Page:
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From Custom Blogs to Medium: Our Transition (Part 2)

rjriel profile image Rey Riel Originally published at branch-blog.qlik.com on ・3 min read

It didn’t take long to realize that it wasn’t just the APIs, but the RSS feed itself was limited. After publishing a bunch of stories to our publication, we realized that stories were being removed from the Sense search. Would you like to guess why? The RSS feed ONLY GIVES THE LATEST 10 STORIES!!! There’s a lesson in load testing for you.

I was now stuck with two problems:

Problem 1: How to properly keep the app up to date

I decided to take another look at possible solutions. My brain wouldn’t stop iterating “there’s got to be a better way than this.”

After doing some more digging and searching, I learned about PubSubHubbub. Yes, that’s really the name. And you would assume that is some sort of company or product name, but it’s actually a protocol that’s pretty similar to WebHooks.

Basically you subscribe to a PubSubHubbub feed giving a callback url. The PubSubHubbub provider then sends a POST request to the callback url to confirm the subscription.

Once this process is done, the provider will send a GET request to the callback URL any time new content is published to it. Sounds perfect!

This time I was skeptical however. APIs didn’t help. RSS was limiting. Surely there was going to be something wrong. My assumption proved correct after doing a test run of the process and learning that the GET request from Superfeedr (Medium’s PubSubHubbub provider) didn’t actually have the content of the article, making this useless.

Having learned this, I decided the best thing to do was to stick with the RSS feed at this point and simply remove the code that deleted stories from the db.

Problem 2: How to get the missing stories back

Since the RSS only shows the last 10 stories and the PubSubHubbub method is for future stories, I was left with two possible options. The first was to manually enter the information into the database, which as a coder would go against every impulse in my brain.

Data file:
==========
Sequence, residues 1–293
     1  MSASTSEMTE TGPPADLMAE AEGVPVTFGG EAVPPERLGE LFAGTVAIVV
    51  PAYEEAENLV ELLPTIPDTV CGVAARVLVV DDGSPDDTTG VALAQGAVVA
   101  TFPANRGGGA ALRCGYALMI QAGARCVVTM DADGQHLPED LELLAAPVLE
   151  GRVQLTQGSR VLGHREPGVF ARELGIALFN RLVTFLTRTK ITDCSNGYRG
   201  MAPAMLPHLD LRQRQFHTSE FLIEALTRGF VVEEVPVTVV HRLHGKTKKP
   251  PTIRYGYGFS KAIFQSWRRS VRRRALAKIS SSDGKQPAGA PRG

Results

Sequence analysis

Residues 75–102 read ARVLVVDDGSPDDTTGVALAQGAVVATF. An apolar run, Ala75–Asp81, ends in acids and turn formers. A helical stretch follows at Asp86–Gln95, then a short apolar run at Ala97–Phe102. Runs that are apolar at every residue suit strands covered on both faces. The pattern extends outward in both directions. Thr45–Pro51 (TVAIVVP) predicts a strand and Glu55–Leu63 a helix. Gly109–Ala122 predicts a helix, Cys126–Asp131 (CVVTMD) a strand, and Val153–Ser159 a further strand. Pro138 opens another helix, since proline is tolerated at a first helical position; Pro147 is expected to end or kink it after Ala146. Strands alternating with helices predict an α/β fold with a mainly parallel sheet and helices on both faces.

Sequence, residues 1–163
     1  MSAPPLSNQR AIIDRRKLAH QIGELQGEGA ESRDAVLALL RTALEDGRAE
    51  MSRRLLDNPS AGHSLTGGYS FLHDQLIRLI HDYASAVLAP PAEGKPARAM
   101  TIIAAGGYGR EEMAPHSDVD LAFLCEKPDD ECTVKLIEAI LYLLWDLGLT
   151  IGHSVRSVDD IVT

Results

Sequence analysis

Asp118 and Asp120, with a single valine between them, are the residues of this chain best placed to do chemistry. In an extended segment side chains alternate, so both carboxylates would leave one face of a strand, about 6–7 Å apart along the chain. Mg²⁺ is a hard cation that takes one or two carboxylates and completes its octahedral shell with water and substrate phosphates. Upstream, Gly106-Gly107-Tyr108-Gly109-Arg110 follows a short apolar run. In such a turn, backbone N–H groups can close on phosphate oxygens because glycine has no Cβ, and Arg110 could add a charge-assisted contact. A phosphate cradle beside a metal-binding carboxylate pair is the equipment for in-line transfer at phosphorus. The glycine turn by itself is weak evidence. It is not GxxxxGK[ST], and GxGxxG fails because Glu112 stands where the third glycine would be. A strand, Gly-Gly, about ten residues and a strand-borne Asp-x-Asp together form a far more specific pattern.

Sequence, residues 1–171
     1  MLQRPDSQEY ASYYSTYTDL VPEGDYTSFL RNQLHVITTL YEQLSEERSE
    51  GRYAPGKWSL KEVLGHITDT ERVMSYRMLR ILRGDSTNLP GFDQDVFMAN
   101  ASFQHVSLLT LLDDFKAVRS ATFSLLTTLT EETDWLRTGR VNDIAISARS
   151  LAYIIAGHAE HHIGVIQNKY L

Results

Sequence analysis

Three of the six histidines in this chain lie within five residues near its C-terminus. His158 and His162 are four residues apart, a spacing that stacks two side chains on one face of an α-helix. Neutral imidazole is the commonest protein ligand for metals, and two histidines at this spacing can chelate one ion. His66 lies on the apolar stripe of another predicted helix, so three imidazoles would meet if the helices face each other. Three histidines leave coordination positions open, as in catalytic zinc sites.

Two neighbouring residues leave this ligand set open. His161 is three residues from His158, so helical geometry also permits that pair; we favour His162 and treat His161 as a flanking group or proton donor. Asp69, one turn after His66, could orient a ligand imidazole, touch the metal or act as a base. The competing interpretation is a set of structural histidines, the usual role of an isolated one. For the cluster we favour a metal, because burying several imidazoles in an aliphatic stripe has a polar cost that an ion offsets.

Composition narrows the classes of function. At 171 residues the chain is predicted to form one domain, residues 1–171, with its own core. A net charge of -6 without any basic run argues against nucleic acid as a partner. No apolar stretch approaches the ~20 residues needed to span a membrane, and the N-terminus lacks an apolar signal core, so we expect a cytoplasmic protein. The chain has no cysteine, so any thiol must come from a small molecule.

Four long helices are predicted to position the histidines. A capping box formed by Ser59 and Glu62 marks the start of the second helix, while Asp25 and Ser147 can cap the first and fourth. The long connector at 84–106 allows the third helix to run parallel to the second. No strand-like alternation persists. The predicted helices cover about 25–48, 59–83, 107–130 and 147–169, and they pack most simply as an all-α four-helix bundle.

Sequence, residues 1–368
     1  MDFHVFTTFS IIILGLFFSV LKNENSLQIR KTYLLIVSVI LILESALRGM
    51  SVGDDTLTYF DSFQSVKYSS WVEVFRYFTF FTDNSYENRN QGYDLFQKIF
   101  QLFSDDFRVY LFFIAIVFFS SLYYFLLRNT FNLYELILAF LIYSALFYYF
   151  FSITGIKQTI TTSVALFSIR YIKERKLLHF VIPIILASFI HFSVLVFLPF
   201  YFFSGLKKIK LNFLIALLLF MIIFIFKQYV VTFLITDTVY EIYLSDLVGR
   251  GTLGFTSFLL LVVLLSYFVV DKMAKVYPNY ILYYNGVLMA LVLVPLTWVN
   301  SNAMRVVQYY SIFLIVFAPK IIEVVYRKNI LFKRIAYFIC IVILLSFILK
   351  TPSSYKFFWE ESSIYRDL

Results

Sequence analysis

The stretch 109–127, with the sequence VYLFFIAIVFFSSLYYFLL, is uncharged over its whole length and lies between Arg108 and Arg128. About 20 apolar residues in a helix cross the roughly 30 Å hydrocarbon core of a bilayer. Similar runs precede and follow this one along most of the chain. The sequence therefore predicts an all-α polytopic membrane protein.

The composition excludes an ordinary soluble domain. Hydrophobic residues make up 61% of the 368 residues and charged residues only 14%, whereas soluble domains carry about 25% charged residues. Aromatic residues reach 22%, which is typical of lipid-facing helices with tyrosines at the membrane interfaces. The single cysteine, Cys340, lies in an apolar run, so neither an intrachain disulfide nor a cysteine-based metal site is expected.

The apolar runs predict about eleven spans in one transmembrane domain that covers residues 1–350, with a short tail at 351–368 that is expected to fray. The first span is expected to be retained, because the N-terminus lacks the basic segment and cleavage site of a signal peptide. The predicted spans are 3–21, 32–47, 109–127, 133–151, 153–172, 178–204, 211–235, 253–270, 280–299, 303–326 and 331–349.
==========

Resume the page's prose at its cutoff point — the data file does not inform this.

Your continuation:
So the only option left is writing a script to download the data through HTTP requests. That involved doing the following:

  1. Find out where Medium lists stories for a publication (https://medium.com///)
  2. Analyze the HTML to determine how to pull out the link for each story
  3. Analyze the HTML of the story page to determine how to best get the data from it

1 and 2 were pretty easy by themselves and Medium was very helpful with the third by providing most of the data we needed in meta tags. As for the content itself, it was simply a matter of finding the right div. With all this information, I just needed to find an npm package that would help me parse through the HTML (thank you cheerio) and write the script.

So now we’re done, right?

We could be, or we could probably make things better. There still isn’t any code to remove stories if they have been deleted on Medium and there’s probably a way to use PubSubHubbub to use a subscription process instead of having a script running every once in a while.

If you’d like to have some fun, I encourage you to fork the repo, try to solve these problems and submit a pull request if you do.


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